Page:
U.S. broadband providers invested $78 billion in network infrastructure in 2014, according to a new analysis of capital expenditures data for wireline, wireless and cable broadband providers. The 2014 investment expenditure was $3 billion, or 4 percent, greater than the $75 billion invested in 2013 and $14 billion, or 22 percent, greater than the $64 billion invested just five years ago in 2009 amidst the financial crisis.Of the 2014 total, the wireline industry invested $28 billion, or 36 percent of the industry aggregate, compared to 43 percent for wireless and 21 percent for cable.
From 1996 through 2014, broadband providers have made $1.4 trillion in capital investments with wireline providers investing more than $720 billion, or 52 percent of this total, compared to 32 percent for wireless and 16 percent for cable. These surging investment levels have taken place during a period of light regulation, which has come to an abrupt end with the Federal Communications Commission’s (FCC) decision(link is external) to impose public utility rules on broadband providers. It is difficult to predict the near-term impact of this decision on investment, but numerous economic analyses(link is external) forecast negative long-term consequences on investment, innovation and other long-term economic benefits that come with broadband investment. Continue reading
Cities frustrated with high prices and slow internet speed fight to build their own blazing fast fiber-optic networks.
This very detailed article is one of many examples that demonstrates competition benefits the consumers in price, choice, and customer service. No one argues that broadband services improve the lives and vitalities of those that it touches or that the incumbents are slow to improve and expand their services without competition. What is at question is whether a government owned service provider has any unfair advantages over private service providers? Does FiberNET benefit from their utility parent owning poles and right-of-ways? Do these advantages prevent other players from possibly competing against FiberNET? Should FiberNET’s facilities be open to all potential carriers?
There is no doubt that Morristown FiberNET is well run and delivering a quality product. They have over a 100 year history to build providing other utilities. I believe that the MUS should open up their fiber network to other potential service providers including the incumbents to spur even more competition that will benefit the city and its residents. Continue reading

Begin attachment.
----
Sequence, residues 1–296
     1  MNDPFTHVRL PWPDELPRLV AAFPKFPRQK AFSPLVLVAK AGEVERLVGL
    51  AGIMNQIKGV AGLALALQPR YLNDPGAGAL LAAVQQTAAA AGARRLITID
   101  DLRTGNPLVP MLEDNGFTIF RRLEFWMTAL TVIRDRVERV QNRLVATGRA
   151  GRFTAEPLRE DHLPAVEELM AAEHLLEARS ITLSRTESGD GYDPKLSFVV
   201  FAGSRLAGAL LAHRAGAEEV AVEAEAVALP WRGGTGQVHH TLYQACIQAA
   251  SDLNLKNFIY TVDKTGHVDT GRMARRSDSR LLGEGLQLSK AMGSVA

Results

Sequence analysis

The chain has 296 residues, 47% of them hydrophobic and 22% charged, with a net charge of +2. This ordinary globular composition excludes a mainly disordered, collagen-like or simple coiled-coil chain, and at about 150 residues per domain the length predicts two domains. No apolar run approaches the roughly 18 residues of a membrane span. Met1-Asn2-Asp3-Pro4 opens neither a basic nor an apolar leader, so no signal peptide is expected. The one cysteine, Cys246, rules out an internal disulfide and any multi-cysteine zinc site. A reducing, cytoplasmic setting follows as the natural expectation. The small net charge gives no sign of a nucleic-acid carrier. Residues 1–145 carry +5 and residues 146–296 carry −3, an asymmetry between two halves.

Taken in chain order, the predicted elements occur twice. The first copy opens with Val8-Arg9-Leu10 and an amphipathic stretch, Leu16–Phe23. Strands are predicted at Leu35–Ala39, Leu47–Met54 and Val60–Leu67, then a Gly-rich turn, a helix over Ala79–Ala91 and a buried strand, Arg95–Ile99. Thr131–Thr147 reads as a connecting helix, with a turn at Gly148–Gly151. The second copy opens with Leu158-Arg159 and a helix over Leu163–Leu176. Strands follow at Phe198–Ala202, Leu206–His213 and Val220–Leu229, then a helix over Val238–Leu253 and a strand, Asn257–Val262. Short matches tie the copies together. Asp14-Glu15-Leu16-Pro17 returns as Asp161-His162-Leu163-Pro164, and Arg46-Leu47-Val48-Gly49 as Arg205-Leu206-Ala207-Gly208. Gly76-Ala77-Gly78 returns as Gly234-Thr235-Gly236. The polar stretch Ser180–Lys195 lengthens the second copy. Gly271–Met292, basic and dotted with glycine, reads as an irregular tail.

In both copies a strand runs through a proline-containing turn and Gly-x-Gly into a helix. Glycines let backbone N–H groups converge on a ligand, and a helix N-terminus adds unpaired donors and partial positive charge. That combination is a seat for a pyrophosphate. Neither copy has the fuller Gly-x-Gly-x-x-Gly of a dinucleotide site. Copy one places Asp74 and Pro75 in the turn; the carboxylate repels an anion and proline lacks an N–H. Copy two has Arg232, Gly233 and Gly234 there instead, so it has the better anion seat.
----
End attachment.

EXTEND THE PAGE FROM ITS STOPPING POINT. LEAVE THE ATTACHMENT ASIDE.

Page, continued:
Optic fiber (Photo credit: Wikipedia)
This week Federal Communications Commission chairman Tom Wheeler plans to seize regulatory control over the Internet by declaring private broadband carriers to be public utilities. Less well known is that he also wants to usurp state authority to regulate municipal broadband networks.
Local governments are forever seeking opportunities to diversify their, er, investments in sports stadiums, convention centers and such. Many lately have been getting into broadband. Municipalities have built some 180 fiber-optic networks in addition to about 75 cable services. Most operate as de facto public utilities with an implicit, if not explicit, taxpayer backstop. Continue reading
Seal of the United States Federal Communications Commission. (Photo credit: Wikipedia)
A flurry of activity will follow the plan from U.S. Federal Communications Commission Chairman Tom Wheeler to reclassify broadband as a regulated public utility as the foundation for new net neutrality rules.
Wheeler’s plan would reclassify broadband from a lightly regulated information service to a more regulated telecommunications service under Title II of the Telecommunications Act, reversing the FCC’s broadband policy for the past decade. Still, Wheeler’s plan has the agency forbearing from most traditional telecom regulations under Title II, including rate regulations, contributions to the FCC’s Universal Service Fund, and requirements to share their networks with competitors. Continue reading